By using the above-derived formulas, the efficiencies and non-ideal voltage conversion ratios of each topology with respect to gain are presented in Figure 37 and Figure 38, respectively. From these results, it can be observed that the efficiency is higher in conventional BDC and LC-BDC compared to other existing topologies. Moreover, it can be seen that the voltage conversion ratio is more linear in the case of conventional BDC, and the proposed converter compared to other existing topologies. In all existing topologies (except conventional BDC), it can be noted that the performance of the converter is becoming poor as the gain is increased further from the designed gain value.

5. Conclusions

In this paper, a new LC bi-directional DC–DC converter utilizing small passive components has been proposed and successfully validated. Experimental results proved that there is a reduction of 75% and 35.8% in capacitor voltage for 24 V to 18 V conversion in boost mode, and 18 V to 24 V conversion in buck mode, respectively. Moreover, there is a reduction of one capacitor compared to conventional BDC for the same conversion. In this paper, the proposed converter performance in both transient and steady-state conditions is investigated and presented. This investigation reveals that the proposed converter is able to offer superior performance in both transient and steady-state conditions. Moreover, a comparative analysis of the proposed converter with the conventional BDC, Z-source converter, discontinues current quasi Z-source converter, continues current quasi Z-source converter, improved Z-source converter, switched boost converter, current-fed switched boost converter, and quasi switched boost converter is presented. This comparative analysis proved that the proposed converter offers superior performance compared to existing converters for the same conversion ratio.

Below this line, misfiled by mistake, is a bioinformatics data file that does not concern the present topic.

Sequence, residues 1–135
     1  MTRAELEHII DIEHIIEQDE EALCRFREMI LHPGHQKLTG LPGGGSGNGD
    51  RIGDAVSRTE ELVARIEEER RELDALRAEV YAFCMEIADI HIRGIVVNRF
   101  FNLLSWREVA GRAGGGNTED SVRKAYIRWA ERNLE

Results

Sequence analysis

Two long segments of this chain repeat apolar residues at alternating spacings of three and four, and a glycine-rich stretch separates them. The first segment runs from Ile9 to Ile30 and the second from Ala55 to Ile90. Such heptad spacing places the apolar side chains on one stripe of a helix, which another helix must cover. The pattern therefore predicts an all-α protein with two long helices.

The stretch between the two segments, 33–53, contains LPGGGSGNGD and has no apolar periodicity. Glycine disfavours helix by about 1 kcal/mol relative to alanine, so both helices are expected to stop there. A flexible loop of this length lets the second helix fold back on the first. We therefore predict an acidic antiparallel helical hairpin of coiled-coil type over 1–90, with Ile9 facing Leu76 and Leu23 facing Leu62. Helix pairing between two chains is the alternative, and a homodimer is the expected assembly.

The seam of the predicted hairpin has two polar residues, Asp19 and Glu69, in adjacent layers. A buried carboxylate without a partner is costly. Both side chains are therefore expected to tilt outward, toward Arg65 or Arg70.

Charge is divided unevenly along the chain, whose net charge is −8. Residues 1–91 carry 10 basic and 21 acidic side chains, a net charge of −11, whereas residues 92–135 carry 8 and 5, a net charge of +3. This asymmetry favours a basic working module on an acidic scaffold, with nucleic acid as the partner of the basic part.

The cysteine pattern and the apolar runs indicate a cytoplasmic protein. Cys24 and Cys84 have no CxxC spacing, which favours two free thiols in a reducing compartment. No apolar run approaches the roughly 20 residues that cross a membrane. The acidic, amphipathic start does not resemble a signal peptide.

Author Contributions

Idea, Conceptualization, Formal Analysis, Investigation, Methodology, Software, Validation, and Writing—Original Draft are the main contributions of D.R.; Funding acquisition, Project administration, Resources, Validation, Visualization and Writing—review & editing are the main contributions of R.D.; H.R. and S.M. contributed in terms of Validation and Writing—review & editing. All authors have read and agreed to the published version of the manuscript.

Funding

This work was supported by the Petrofac Research Chair in Renewable Energy Endowment Fund at the American University of Sharjah.

Acknowledgments

The authors are particularly grateful to the Zunik Energies Pvt. Ltd. and authors of the Indian Patent application published on 30 December 2016 (application number: 201641038705) for providing approval to use the patent data for this research work and publications.

Conflicts of Interest

The authors declare no conflict of interest. The funders had no role in the design of the study; in the collection, analyses, or interpretation of data; in the writing of the manuscript, or in the decision to publish the results.